The senior VP's chief weakness, writes Fortune's Adam Lashinsky, is his naked ambition
He's young (43). Comfortable on stage (played Sweeney Todd in high school). Has serious nerd credentials (Stanford, NeXT). Shares Steve Jobs' obsession with detail (keeps a jeweler's loupe in his office to check every pixel on every icon). And the division he heads -- mobile software -- drives nearly 70% of Apple's (AAPL) income.
"He's a sharp, down-to-earth, and talented MOREPhilip Elmer-DeWitt - Jan 17, 2012 5:29 AM ET
Returns to the venue where Rupert Murdoch launched The Daily on the iPad
Eddy Cue, Apple's (AAPL) senior vice president for Internet software and services, is reported to be in charge of the much-touted special event scheduled for the morning of Jan. 19 in New York City. The wording of the blackboard-like invitation sent to reporters Wednesday -- "Join us for an education announcement in the Big Apple" -- suggests that this could MOREPhilip Elmer-DeWitt - Jan 11, 2012 1:31 PM ET
Walter Isaacson shares new information on his best-selling biography of the Apple founder.
FORTUNE -- Walter Isaacson's Steve Jobs has topped The New York Times bestseller's list for eight consecutive weeks now. Earlier in the month I interviewed Isaacson for a sold-out audience of the Commonwealth Club of Northern California in San Francisco. For all that has been written about Isaacson's book and for all the people who have read it, there MOREAdam Lashinsky, Sr. Editor at Large - Dec 27, 2011 10:53 AM ET
He laid out the reasons NOT to build an Apple television at All Things D in 2010
There's been a lot of talk about Apple (AAPL) launching a full-fledged interactive television ever since Walter Isaacson quoted Steve Jobs saying he'd "finally cracked it."
But before the company can successfully market such a product, it must overcome the formidable hurdles that Jobs laid out the year before he died at All Things D8.
He was asked MOREPhilip Elmer-DeWitt - Dec 23, 2011 8:28 AM ET
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* Zynga (ZNGA) raised around $1 billion in its initial public offering (IPO), giving the social gaming champ a $7 billion valuation. Check out colleague Dan Primack's list of the biggest winners to come out of this, including CEO Mark Pincus, Kleiner Perkins Caufield Byers, and Institutional Venture Partners. MOREJP Mangalindan, Writer - Dec 16, 2011 3:00 AM ET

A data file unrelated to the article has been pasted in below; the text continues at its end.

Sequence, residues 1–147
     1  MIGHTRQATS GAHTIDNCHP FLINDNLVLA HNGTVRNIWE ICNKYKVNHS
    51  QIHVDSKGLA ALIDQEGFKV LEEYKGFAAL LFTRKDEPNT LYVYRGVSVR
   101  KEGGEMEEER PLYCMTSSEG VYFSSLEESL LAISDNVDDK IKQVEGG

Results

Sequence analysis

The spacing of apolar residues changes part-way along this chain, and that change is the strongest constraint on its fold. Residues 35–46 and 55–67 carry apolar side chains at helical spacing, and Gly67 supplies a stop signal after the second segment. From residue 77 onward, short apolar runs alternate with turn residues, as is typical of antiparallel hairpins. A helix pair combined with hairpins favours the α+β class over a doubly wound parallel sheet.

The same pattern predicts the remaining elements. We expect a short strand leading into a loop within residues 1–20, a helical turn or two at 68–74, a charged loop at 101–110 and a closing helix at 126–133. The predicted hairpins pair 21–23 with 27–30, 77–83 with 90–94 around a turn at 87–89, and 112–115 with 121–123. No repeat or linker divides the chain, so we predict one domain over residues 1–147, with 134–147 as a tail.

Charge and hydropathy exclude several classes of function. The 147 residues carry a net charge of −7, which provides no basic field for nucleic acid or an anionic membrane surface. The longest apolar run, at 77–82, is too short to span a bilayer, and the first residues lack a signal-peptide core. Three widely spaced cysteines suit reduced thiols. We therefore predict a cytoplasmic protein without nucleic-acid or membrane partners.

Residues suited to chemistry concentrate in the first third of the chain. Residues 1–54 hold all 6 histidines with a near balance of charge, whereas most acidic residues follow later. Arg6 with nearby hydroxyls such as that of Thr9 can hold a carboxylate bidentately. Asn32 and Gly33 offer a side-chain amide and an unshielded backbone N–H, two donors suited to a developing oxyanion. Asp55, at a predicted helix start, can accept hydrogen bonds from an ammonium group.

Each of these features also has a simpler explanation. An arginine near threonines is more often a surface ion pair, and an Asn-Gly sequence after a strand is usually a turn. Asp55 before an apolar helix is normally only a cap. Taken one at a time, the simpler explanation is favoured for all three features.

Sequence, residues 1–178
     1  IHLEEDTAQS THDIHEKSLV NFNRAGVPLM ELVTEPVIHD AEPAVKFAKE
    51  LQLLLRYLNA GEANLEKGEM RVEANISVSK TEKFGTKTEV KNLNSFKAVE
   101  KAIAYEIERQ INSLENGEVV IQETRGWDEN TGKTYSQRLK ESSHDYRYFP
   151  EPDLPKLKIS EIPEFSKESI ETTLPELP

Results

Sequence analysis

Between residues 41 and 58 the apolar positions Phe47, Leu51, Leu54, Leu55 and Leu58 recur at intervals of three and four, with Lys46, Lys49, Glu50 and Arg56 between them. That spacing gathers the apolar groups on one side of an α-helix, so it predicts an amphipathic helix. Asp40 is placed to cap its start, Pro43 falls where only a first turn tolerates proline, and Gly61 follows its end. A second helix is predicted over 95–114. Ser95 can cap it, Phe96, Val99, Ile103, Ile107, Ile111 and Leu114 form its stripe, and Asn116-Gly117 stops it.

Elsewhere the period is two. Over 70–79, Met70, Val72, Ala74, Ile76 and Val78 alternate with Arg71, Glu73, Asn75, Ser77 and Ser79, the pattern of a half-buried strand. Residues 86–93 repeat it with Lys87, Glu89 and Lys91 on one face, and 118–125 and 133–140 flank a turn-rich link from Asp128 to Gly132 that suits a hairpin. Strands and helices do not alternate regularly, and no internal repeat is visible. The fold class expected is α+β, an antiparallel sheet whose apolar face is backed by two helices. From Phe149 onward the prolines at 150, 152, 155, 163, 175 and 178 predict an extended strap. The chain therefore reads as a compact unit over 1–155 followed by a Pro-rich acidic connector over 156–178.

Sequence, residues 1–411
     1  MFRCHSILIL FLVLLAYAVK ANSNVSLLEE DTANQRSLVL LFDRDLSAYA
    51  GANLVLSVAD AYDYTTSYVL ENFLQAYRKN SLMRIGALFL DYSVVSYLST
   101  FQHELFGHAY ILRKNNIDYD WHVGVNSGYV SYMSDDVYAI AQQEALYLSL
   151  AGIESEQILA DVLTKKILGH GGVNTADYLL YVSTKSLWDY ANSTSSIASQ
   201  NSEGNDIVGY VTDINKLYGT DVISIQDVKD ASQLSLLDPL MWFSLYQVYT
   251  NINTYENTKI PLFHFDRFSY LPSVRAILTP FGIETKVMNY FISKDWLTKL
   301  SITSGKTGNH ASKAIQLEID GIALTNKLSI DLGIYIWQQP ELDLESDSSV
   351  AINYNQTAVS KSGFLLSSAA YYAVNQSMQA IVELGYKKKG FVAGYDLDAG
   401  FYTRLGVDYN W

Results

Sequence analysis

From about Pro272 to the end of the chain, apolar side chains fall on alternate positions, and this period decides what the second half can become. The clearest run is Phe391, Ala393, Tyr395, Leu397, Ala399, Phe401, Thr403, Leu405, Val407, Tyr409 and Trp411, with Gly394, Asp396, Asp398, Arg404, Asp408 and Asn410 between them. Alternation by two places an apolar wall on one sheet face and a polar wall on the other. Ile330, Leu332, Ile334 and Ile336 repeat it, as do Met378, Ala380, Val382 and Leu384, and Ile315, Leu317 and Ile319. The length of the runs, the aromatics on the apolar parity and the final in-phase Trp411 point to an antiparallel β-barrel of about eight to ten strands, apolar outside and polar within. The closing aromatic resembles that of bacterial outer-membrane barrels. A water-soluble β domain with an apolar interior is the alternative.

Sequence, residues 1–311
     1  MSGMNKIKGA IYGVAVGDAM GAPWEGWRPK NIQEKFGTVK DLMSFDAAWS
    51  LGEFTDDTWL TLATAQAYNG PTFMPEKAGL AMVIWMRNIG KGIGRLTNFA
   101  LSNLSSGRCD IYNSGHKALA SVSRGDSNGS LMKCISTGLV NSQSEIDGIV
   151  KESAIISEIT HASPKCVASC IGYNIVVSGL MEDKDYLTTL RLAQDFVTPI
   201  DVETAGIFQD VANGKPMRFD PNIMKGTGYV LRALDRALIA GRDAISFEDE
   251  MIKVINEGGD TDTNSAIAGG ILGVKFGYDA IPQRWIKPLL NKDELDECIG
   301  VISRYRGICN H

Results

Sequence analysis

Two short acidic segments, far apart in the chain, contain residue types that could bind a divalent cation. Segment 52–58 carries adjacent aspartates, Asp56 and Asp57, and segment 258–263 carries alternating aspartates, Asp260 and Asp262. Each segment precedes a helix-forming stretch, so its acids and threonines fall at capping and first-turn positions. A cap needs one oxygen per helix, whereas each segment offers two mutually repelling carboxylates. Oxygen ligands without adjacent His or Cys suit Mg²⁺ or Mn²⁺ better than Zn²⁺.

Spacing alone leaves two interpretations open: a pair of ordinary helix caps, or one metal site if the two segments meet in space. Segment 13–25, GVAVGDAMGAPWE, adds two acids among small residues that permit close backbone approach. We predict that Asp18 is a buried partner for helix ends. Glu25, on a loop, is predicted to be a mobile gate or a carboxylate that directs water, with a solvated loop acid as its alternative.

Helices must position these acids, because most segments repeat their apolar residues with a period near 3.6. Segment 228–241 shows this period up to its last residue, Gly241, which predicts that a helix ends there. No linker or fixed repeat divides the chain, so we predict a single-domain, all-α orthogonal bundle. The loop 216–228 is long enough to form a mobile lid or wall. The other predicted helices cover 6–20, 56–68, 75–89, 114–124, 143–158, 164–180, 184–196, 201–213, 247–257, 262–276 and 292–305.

Your chance to register a preference before Steve Jobs, the movie, is cast
Sony (SNE) has reportedly picked up the film rights to Walter Isaacson's Steve Jobs, and according to the Hollywood rumor mill two ER veterans -- George Clooney and Noah Wyle -- are in the running to play the title role.
Clooney, of course, has the edge in box office appeal. But Wyle looks more like Apple's (AAPL) late co-founder MOREPhilip Elmer-DeWitt - Nov 21, 2011 6:27 AM ET
Will Art Levinson change the power balance at Apple? A closer look at the new chairman
One of the first things Steve Jobs did when he returned Apple (AAPL) in 1997 was dismiss the company's board and appoint directors more to his liking, including Genentech CEO Arthur D. Levinson.
"Jobs did not cede any real power to his board," according to Walter Isaacson's Steve Jobs. "But he did use its meetings to MOREPhilip Elmer-DeWitt - Nov 16, 2011 11:01 AM ET
But CEO Cook, according to Walter Isaacson, is Apple's new decider-in-chief
One of the questions that lingers at the end of Walter Isaacson's biography of Steve Jobs is who at Apple (AAPL) is going to make the thousands of product decisions -- large and small -- that used to be made by Jobs himself.
The issue is especially problematic because no one at Apple has the power or authority that its co-founder MOREPhilip Elmer-DeWitt - Nov 10, 2011 11:46 AM ET
In the current New Yorker, Malcom Gladwell boils it down to this: Jobs was a "tweaker"
I'm only 46% of the way through Walter Isaacson's Steve Jobs, according to the Kindle app on my iPad, but I've read enough to recognize that Malcom Gladwell has captured the essence of the book -- and the man -- in his 3,000-word review in the current New Yorker.
Gladwell's thesis is that Jobs, at heart, was an MOREPhilip Elmer-DeWitt - Nov 7, 2011 7:02 AM ET
All the pre-publicity in the world can't beat a good first-person shooter
It's hard to imagine what more could have been done to drum up interest in Walter Isaacson's Steve Jobs. The only biography of Apple's (AAPL) CEO written with Jobs' cooperation hit the bookstores 19 days after his death in a tsunami of publicity, from 60 Minutes to Charlie Rose to Jon Stewart and everything in between.
And the book did MOREPhilip Elmer-DeWitt - Nov 5, 2011 2:13 PM ET
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